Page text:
Friday, October 26, 2007

Comments on this Blog

I've just had to turn off the anonymous comments on my Blog after getting a spate of them that are basically just trolling. (An Internet troll, or simply troll in Internet slang, is someone who intentionally posts controversial or pointless messages with the sole intention of baiting users into an argumentative response.) Even though I moderate all comments, I quite frankly can't be bothered to waste my time even reading such comments, so if you're not a registered user of, you won't be able to comment on this Blog. I apologise for any inconvenience this may cause but I don't see why I should have to read insulting comments.

Poetry Friday 68

Yesterday was St Crispin's Day, so here is the St Crispin's Day speech from Henry V by Shakespeare:

This story shall the good man teach his son;
And Crispin Crispian shall ne'er go by,
From this day to the ending of the world,
But we in it shall be remembered-
We few, we happy few, we band of brothers;
For he to-day that sheds his blood with me
Shall be my brother; be he ne'er so vile,
This day shall gentle his condition;
And gentlemen in England now-a-bed
Shall think themselves accurs'd they were not here,
And hold their manhoods cheap whiles any speaks
That fought with us upon Saint Crispin's day.

The Poetry Friday round up is over at Literary Safari

Friday, October 19, 2007

Poetry Friday 68

I'm back with more Shakespeare this week (sorry about last week's no-show - personal stuff got in the way of everything last Friday). This week I've got "Under the Greenwood Tree":

Under the Greenwood Tree

Amiens sings:
UNDER the greenwood tree,
Who loves to lie with me,
And turn his merry note
Unto the sweet bird's throat,
Come hither, come hither, come hither:
Here shall he see
No enemy
But winter and rough weather.

Who doth ambition shun,
And loves to live i' the sun,
Seeking the food he eats,
And pleased with what he gets,
Come hither, come hither, come hither:
Here shall he see
No enemy
But winter and rough weather.

Jaques replies:
If it do come to pass
That any man turn ass,
Leaving his wealth and ease
A stubborn will to please,
Ducdamè, ducdamè, ducdamè:
Here shall he see
Gross fools as he,
An if he will come to me.

This week's Poetry Friday round-up will be hosted by Kelly Fineman.

Wednesday, October 17, 2007

Personal News

October is Breast Cancer Awareness week, and today I found out that my mum (who had a brain tumour removed last year) has been diagnosed with DCIS (Ductal Carcinoma In Situ). She'll be going into hospital for an operation to remove it on November 15 - an overnight stay only.

Thursday, October 04, 2007

Mirrorscape Competition

Egmont Press have launched a competition in conjunction with The Telegraph newspaper to celebrate the publication of Mike Wilks' new novel Mirrorscape on October 1. If you go to Telegraph Promotions you will find a link to "Find the Snail for your chance to win £5,000".

Mike Wilks' trademark is to include a snail in all of his paintings and so to celebrate the publication of his stunning debut fantasy adventure, Mirrorscape, Mike has hidden a snail in an exclusive version of the Map of Vlam which illustrates the setting of the novel. Visitors who follow the Telegraph link will be taken to an online version of the map where you can use the zoom feature to navigate round the map to find the snail.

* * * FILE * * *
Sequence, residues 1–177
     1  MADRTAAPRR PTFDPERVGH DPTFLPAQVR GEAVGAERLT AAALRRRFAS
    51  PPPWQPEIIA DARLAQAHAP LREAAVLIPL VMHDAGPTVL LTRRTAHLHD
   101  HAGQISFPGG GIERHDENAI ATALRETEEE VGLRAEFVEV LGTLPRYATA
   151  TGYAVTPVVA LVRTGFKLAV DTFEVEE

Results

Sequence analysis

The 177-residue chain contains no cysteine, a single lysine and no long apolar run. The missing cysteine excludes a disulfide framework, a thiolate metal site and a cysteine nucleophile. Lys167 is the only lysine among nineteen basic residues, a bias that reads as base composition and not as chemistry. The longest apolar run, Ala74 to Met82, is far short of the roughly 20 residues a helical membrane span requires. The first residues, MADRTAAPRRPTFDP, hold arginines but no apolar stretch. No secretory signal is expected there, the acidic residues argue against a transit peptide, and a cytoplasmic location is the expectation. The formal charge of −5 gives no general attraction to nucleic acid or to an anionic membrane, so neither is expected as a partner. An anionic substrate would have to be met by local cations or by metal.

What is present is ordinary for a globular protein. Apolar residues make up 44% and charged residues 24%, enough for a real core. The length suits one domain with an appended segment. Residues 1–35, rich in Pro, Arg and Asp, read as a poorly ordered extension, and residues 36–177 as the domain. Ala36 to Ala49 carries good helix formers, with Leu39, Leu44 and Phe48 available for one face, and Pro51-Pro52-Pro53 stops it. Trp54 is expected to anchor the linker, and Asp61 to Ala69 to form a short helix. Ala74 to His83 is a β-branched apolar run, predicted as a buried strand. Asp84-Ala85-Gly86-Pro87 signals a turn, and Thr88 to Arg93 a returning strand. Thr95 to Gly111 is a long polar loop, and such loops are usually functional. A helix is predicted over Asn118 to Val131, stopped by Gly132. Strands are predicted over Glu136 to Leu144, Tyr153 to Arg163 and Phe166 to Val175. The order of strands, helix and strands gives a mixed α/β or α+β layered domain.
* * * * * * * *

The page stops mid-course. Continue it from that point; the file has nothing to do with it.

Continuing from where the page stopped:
In Mirrorscape, Melkin Womper, son of a village weaver, fulfils the dream of a lifetime and is apprenticed to a master painter, Ambrosius Blenk. In keeping with the story Egmont Press is launching this competition to help a young person fulfil one of their dreams for the future. Those who find the snail will automatically be entered into the prize draw to win £5,000 to be spent on Premium Bonds in the name of a child (or split between children) of their choice, or in your own name if you are 17 or under. All entries must be received by 5th November 2007.

There's also a Mirrorscape website which features an utterly addictive game.

Poetry Thursday: National Poetry Day

It's National Poetry Day here in the UK, so I'm doing Poetry Friday as Poetry Thursday. And this week I bring you Shakespeare (again) - and some lines from Henry V:

I am a king that find thee, and I know
'Tis not the balm, the sceptre and the ball,
The sword, the mace, the crown imperial,
The intertissued robe of gold and pearl,
The farced title running 'fore the king,
The throne he sits on, nor the tide of pomp
That beats upon the high shore of this world,
No, not all these, thrice-gorgeous ceremony,
Not all these, laid in bed majestical,
Can sleep so soundly as the wretched slave,
Who with a body fill'd and vacant mind
Gets him to rest, cramm'd with distressful bread;
Never sees horrid night, the child of hell,
But, like a lackey, from the rise to set
Sweats in the eye of Phoebus and all night
Sleeps in Elysium; next day after dawn,
Doth rise and help Hyperion to his horse,
And follows so the ever-running year,
With profitable labour, to his grave:
And, but for ceremony, such a wretch,
Winding up days with toil and nights with sleep,
Had the fore-hand and vantage of a king.
The slave, a member of the country's peace,
Enjoys it; but in gross brain little wots
What watch the king keeps to maintain the peace,
Whose hours the peasant best advantages.

William Shakespeare, Henry V Act IV, scene I

This week's round up will be at Whimsy Books tomorrow.